COUNTRY PASTOR: 'Peace be with you,' Luke 24:36
In Tanzania, where I grew up, the language is Swahili. The word most commonly used to greet others is "Salaam," which basically means "peace." This also is used among most Arabic nations, and is similar to the Hebrew word "shalom," used by Jews If you think about it, this is the perfect greeting for when different people meet one another. It expresses the hope that there is peace both with the other person and also within the other person.
We tend to understand that peace is an absence of conflict—when there is no struggle or fighting going on. But the idea behind "shalom" is much deeper and fuller than that. It basically means "complete" or "healthy" and describes situations that are purposeful and productive. "Peace" describes a stagnant pond; "shalom" describes a flowing stream.
It is significant that although Jesus regularly and often used this greeting throughout his ministry, he seems to have used it most freely during the mysterious month just after rising from the dead and before ascending to heaven. In five of the seven recorded encounters during that period, he very deliberately greets his followers with the wonderful assurance "shalom laka," peace be with you. His resurrection changed everything, and gave this greeting an incalculable new significance. Before this, "shalom" was only a hopeful promise; afterwards it was a guaranteed certainty.
If, after his torture and death, Jesus had remained in the tomb, then there would have been a terrible irony about all his talk and promise of peace. The still, cold grave would indeed have brought peace and quiet after the controversies of his living and the violence of his dying. The most obvious lesson to learn from that result would be that we should try to escape problems and avoid conflict at all costs. If the peace of death is where it all ends up anyway, why pursue anything other than ease, comfort and idleness until you get there?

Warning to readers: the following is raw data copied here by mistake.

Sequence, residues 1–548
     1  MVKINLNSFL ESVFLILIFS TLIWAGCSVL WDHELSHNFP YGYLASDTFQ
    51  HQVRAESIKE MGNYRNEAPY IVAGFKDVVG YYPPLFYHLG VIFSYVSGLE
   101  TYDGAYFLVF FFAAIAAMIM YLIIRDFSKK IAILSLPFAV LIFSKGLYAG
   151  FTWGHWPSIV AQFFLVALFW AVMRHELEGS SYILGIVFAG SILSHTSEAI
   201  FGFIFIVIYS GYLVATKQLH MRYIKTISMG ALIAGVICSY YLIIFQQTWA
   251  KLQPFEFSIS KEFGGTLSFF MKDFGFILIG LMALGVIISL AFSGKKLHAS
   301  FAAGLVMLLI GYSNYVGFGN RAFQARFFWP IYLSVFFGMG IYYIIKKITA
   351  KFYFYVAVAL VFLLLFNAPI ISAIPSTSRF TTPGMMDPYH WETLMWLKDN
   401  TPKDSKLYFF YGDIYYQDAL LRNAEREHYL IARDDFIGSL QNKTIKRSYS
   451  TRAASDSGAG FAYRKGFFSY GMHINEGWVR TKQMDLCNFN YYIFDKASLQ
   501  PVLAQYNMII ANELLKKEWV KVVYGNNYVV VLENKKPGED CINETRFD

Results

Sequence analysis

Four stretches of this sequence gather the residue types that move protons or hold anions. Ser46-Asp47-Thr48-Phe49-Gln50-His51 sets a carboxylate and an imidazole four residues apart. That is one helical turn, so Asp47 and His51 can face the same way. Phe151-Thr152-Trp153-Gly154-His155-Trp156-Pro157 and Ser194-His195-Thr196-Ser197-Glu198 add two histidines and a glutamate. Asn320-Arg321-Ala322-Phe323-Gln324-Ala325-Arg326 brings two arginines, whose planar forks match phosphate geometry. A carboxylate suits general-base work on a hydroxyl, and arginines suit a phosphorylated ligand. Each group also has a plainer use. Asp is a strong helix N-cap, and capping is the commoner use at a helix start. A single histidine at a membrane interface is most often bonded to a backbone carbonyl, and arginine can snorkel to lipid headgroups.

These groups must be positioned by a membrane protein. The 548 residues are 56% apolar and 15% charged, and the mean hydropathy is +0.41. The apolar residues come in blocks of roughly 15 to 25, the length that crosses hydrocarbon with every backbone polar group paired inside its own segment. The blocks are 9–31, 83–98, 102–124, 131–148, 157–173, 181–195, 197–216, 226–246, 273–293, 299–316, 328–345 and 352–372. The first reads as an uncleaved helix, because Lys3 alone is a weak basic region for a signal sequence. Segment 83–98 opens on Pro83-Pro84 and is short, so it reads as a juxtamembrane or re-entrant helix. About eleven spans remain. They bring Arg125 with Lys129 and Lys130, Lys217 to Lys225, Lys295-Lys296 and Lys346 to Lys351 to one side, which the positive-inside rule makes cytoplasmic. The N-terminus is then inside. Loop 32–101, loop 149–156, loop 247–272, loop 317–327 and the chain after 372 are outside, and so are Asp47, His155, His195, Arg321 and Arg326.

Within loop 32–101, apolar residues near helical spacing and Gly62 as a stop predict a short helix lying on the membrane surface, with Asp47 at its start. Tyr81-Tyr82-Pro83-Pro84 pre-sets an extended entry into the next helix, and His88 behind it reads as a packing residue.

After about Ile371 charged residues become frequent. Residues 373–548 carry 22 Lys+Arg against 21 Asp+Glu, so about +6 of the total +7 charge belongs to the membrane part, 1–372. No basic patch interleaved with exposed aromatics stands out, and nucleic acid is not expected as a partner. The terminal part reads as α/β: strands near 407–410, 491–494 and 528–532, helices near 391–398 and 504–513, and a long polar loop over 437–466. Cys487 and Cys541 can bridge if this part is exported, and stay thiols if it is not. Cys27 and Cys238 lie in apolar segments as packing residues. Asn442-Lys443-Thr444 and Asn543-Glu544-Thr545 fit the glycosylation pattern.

But when Jesus broke out from the tomb, he demonstrated that death is not the end of it all. Instead, it is just another battle to be fought. His own death was as terrible a struggle as there could be, but he considered it well worth the cost for the resurrection he would receive after fighting through it. Jesus did experience the peace of death; but for him that achieved the great satisfaction of conquering Satan, and the great sacrifice of cleansing sin.
And Jesus' resurrection also proves the truth in all his other teaching and example, where he challenges us to lay down our own lives as we serve God and our neighbor. Indeed, there are, and there must be, problems and struggles which are not peaceful at all. But we can engage and embrace them because Jesus has proved that they are well worth the reward that ultimately God has for us.
Back in school we enjoyed the ironic humor of this phrase: "Life is hard, and then you die." I enjoy it still, but only because Jesus has filled its irony with joy: "Life is hard, then you die, and then you live."